The women´s semi-finals were played between FIN – SUI and SWE – CZE and the results went according to the rankings. The first period of the match between Finland and Switzerland was characterised by a very controlled and accurate defence from both teams. The Finnish first line, composed of players who all had played in the IFF World Championships in 2015, gave Finland the lead. The single goal first period was blitzed by the Finns in the second, outscoring Switzerland 7-1, and not allowing them any chance to challenge them. The Finnish were strong in front of the Swiss goal, scoring five times from rebounds while, at the other end, Finnish goalie Tiltu Siltanen made a number of important saves on the few Swiss chances. The final score was 9-2.

During this tournament, the Swiss have been really competitive in all their matches but somehow just lack that extra bit of skill needed to make the right pass at the right time or choose the right shot opportunities. In defence, it is being just one step behind their opponent or slightly misreading the play. There seems to be just small differences between them and teams like Finland or Sweden, but in the end, when all those little things are put together it proves to be a big difference.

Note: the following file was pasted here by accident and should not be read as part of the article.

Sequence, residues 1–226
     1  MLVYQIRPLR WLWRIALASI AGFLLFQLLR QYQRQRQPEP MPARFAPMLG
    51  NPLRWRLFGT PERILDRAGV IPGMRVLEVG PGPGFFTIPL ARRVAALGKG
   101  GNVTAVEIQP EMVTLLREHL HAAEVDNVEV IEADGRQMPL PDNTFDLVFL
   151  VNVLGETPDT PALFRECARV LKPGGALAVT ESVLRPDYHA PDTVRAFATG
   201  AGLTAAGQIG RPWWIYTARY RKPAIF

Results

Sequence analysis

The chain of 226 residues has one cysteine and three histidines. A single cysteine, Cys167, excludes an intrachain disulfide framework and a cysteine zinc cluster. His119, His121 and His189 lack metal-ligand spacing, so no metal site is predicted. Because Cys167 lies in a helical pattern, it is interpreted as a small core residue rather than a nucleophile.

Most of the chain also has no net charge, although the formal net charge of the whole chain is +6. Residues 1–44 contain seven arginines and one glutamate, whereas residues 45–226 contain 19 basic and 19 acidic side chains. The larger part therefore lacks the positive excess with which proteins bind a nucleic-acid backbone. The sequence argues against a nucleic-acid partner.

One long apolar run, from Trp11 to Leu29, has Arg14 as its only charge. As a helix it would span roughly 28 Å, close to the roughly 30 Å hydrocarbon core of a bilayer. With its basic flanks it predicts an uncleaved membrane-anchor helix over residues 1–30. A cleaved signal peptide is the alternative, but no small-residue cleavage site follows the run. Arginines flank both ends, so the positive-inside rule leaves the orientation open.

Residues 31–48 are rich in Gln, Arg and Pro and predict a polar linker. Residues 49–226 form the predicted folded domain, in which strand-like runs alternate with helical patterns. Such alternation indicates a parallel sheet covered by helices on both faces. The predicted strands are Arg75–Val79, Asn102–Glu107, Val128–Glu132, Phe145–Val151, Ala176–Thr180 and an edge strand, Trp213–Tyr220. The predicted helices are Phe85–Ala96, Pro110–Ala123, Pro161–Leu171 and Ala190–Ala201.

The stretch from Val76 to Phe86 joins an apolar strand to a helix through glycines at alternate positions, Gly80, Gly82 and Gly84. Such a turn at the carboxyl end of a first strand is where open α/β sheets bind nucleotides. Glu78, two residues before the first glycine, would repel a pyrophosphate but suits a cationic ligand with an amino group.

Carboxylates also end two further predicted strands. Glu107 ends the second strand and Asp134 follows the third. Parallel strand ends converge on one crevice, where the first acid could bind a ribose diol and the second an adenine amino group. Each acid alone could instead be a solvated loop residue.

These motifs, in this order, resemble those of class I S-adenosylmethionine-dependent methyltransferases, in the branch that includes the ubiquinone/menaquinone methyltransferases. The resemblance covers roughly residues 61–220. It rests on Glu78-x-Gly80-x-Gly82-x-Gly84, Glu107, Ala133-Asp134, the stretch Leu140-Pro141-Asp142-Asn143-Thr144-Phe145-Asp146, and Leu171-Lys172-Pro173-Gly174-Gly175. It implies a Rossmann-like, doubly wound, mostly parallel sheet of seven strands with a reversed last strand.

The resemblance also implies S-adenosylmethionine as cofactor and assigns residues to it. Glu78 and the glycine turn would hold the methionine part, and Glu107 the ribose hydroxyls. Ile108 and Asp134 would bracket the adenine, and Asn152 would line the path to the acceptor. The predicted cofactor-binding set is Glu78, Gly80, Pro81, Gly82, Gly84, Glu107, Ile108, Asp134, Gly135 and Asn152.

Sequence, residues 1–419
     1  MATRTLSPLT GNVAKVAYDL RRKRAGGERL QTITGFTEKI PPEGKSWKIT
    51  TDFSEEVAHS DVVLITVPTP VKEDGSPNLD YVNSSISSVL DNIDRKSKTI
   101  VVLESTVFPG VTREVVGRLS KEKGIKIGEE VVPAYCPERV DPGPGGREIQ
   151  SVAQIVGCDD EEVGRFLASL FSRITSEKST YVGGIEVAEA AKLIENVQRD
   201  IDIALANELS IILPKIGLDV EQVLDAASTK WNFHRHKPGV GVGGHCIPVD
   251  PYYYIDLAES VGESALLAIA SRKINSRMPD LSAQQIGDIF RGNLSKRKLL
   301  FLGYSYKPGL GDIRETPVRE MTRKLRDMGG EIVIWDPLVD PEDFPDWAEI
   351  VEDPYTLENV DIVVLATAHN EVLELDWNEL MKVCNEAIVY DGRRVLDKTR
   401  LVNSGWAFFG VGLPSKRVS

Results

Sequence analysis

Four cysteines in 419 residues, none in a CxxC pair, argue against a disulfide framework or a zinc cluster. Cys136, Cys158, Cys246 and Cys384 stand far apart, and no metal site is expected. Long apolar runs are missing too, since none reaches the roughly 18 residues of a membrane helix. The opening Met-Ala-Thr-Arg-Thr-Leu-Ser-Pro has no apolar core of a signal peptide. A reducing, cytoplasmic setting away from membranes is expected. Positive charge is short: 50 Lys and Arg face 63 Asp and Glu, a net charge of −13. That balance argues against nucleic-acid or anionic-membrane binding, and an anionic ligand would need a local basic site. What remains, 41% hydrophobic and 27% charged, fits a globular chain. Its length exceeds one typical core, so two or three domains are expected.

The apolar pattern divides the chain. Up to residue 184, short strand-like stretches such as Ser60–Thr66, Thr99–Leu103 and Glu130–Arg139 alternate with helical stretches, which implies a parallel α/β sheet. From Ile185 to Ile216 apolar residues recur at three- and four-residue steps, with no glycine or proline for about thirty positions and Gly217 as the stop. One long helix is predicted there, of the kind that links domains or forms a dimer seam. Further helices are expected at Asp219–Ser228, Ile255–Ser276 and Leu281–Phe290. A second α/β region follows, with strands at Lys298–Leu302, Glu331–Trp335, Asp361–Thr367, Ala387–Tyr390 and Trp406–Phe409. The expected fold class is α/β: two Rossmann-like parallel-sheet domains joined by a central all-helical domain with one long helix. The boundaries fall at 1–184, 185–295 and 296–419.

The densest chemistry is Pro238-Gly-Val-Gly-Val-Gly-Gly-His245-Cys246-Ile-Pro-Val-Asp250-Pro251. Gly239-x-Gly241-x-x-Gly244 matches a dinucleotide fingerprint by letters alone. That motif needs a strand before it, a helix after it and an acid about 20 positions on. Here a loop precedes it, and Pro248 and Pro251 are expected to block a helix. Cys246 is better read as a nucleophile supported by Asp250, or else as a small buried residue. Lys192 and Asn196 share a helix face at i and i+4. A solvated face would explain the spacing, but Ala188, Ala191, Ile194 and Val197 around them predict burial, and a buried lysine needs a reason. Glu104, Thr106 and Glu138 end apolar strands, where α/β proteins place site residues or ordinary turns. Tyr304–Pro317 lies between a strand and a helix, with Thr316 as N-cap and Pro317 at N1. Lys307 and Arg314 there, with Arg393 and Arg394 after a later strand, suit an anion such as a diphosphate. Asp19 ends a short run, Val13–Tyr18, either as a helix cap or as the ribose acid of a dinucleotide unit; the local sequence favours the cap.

The Czechs had played in Group B and had only one tough game which was against Poland, so the step up in their opposition for today´s semi-final was always going to be challenging for them. Playing Sweden is hard at any time for any team, but when you have not really had your defence tested then it is harder still. The first two periods were very even, with teams trading goals, and the play being evenly shared. There was no sign of either team getting the upperhand. Both teams have players experienced at international level, Sweden even have an IFF World Champion MVP in Anna Wijk, and the Czechs were not backing off. It took until mid-way through the final period for Sweden to open the Czechs up and once they did they broke them. Four goals in four minutes and the game was decided for Sweden. Final score of 8-4 put Sweden to the final against Finland and the Czechs to the bronze game with Switzerland.